Yields 9 squares.

¾ cup sugar
¼ cup shortening
½ cup milk
2 cups flour
2 teaspoons baking powder
½ teaspoon salt
2 cups blueberries
1 egg

Crumb topping:
½ cup sugar
1/3 cup flour
½ teaspoon cinnamon
¼ cup cold cubed butter

Grease and lightly flour 9-inch square pan. Wash and drain berries and set aside. In large bowl, mix sugar, shortening (4 tablespoons of soft butter can be substituted) and egg thoroughly. Stir in milk. In small bowl, sift flour, baking powder and salt. Mix into large bowl with other ingredients. Blend in berries carefully. Spread mixture into prepared pan.

To prepare topping, cube butter first, then mix in other ingredients. To achieve desired consistency and taste, add a touch more sugar or flour while mixing. Dab, sprinkle or spread (depending on consistency) over berry mixture. Bake at 375 degrees for 45 to 50 minutes until toothpick inserted in center comes out clean. When cooled, cut into 3-inch squares.


Yields one dozen.

1¾ cups whole wheat pastry flour
¾ teaspoon salt
1/3 cup sugar
2 teaspoons baking powder
2 eggs, beaten
¼ cup melted butter
¾ cup milk
1 cup blueberries
1 teaspoon grated orange or lemon rind
¼-½ cup flax seeds

Sift together dry ingredients. In separate bowl, beat eggs then add butter and milk, and beat together. Combine liquid and dry ingredients. Gently fold in washed blueberries. Add rind and flax seeds. Fill well-greased muffin cups two-thirds full. Bake at 400 degrees for 20 to 25 minutes.


Yields one loaf.

2 eggs, beaten
1/3 cup vegetable oil
1 cup ripe, mashed bananas
1½ cups flour
2/3 cup sugar
2¼ teaspoons baking powder
½ teaspoon salt
1 teaspoon wheat germ
½ cup quick oats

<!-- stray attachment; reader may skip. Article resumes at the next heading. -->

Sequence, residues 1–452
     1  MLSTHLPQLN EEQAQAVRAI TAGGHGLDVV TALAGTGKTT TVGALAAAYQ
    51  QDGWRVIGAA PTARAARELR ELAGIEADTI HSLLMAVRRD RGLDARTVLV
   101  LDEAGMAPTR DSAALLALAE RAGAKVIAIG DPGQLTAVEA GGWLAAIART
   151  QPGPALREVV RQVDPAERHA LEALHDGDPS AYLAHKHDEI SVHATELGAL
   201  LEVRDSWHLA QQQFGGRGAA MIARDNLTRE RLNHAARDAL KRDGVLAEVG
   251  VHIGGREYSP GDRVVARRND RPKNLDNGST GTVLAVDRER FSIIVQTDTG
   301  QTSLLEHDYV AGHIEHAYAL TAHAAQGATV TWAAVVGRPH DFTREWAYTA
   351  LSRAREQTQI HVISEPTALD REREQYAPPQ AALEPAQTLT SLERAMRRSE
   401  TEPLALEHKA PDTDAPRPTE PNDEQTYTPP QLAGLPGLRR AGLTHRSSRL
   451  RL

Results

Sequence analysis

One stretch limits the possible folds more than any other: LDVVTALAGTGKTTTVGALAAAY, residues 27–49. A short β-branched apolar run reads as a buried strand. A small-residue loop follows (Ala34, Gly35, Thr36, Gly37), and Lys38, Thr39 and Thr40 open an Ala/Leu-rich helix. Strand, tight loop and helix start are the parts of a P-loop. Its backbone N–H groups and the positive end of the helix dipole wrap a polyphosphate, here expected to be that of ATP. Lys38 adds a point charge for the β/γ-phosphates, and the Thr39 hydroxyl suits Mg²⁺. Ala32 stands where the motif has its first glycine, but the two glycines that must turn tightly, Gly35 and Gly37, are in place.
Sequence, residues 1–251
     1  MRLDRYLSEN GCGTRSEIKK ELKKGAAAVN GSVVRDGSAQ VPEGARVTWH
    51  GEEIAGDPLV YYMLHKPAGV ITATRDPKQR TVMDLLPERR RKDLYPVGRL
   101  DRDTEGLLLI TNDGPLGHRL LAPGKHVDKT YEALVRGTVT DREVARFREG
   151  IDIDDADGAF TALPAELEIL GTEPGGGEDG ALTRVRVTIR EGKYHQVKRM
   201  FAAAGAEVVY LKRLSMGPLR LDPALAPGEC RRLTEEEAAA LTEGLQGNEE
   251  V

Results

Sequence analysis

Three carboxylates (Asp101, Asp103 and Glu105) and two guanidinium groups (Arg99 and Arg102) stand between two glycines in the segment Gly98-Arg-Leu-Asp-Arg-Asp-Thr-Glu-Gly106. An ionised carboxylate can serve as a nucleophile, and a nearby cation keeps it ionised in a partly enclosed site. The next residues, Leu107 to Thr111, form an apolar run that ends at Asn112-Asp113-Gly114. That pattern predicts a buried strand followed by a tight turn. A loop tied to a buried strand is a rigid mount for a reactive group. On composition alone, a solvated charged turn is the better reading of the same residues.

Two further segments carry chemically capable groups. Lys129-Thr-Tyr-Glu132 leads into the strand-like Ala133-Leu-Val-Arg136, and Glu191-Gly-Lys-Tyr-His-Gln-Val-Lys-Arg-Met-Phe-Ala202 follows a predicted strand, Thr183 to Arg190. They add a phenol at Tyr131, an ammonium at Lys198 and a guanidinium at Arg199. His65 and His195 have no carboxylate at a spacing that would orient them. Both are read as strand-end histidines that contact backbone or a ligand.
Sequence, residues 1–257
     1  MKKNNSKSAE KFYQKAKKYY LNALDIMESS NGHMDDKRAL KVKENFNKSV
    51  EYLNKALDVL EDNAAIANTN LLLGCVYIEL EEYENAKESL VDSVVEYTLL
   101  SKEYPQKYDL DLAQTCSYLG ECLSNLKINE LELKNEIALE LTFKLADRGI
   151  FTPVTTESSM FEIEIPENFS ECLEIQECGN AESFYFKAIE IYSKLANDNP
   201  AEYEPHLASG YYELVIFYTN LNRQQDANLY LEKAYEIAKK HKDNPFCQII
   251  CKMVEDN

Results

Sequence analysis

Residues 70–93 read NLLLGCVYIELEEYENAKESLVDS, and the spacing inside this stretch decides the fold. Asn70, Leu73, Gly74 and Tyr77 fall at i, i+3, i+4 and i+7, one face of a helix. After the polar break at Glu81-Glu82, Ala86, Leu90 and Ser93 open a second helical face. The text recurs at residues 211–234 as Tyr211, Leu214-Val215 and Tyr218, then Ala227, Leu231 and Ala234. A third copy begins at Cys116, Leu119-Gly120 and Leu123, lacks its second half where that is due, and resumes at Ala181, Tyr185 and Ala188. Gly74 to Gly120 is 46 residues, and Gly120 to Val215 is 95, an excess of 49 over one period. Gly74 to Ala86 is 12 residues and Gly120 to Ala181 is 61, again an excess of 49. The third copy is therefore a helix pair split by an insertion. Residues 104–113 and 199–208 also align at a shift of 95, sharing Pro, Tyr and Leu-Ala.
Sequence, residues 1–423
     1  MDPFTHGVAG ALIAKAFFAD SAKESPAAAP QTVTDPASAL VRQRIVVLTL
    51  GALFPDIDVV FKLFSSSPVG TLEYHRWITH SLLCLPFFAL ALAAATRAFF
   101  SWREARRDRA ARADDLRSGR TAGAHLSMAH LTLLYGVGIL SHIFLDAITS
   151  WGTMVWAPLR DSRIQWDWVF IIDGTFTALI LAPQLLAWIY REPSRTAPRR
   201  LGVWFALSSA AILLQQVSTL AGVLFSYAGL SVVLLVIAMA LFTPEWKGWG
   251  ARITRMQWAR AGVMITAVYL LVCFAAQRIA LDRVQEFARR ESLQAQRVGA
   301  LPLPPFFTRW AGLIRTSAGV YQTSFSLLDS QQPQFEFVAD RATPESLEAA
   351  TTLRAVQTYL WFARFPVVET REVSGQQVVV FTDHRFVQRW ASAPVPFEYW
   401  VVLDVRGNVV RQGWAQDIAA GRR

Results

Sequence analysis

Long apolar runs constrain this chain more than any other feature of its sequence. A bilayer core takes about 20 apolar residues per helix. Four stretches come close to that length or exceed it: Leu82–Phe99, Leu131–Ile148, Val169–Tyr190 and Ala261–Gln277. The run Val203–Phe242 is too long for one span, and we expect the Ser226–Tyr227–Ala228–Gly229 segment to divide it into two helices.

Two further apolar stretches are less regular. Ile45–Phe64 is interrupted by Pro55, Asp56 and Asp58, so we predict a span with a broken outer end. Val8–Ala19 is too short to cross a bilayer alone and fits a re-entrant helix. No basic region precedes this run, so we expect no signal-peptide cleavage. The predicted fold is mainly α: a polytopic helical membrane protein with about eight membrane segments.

1 cup blueberries

Combine eggs, oil and bananas. Sift together flour, sugar, baking powder, wheat germ and salt. Mix in oats. Add dry ingredients to banana mixture. Mix in oats. Add dry ingredients to banana mixture, stirring until just combined. Gently fold in washed berries. Pour into greased and floured 9 x 5 inch loaf pan. Bake at 350 degrees for one hour. Cool completely before cutting; best if baked a day ahead.


Yields six servings.

½ cup butter, melted and divided
½ cup brown sugar, divided
1 tablespoon lemon juice
1 tablespoon flour
¾ teaspoon cinnamon
4 cups tart apples, pared, cored and sliced
2 cups blueberries
1 cup quick oats
¼ cup chopped walnuts
¼ teaspoon ginger
Whipped cream or ice cream

In a large bowl, combine ¼ cup melted butter, ¼ cup brown sugar, lemon juice, flour and ½ teaspoon of cinnamon. Add apples and washed blueberries, tossing to coat. Place in 8-inch square baking pan. In a small bowl, combine oats, ¼ teaspoon melted butter, ¼ cup brown sugar, walnuts, ¼ teaspoon cinnamon and ginger until well blended. Sprinkle over fruit. Bake at 375 degrees or until fruit is tender and topping is crisp and brown. Serve warm with whipped cream or ice cream.

“Out in Blue Fields: A Year at Hokum Rock Blueberry Farm,” by Janice Riley and Stephen Spear. Schiffer Publications,
192 pages, $29.99



Recipes reprinted with permission from “Out in Blue Fields: A Year at Hokum Rock Blueberry Farm” (Schiffer Publications).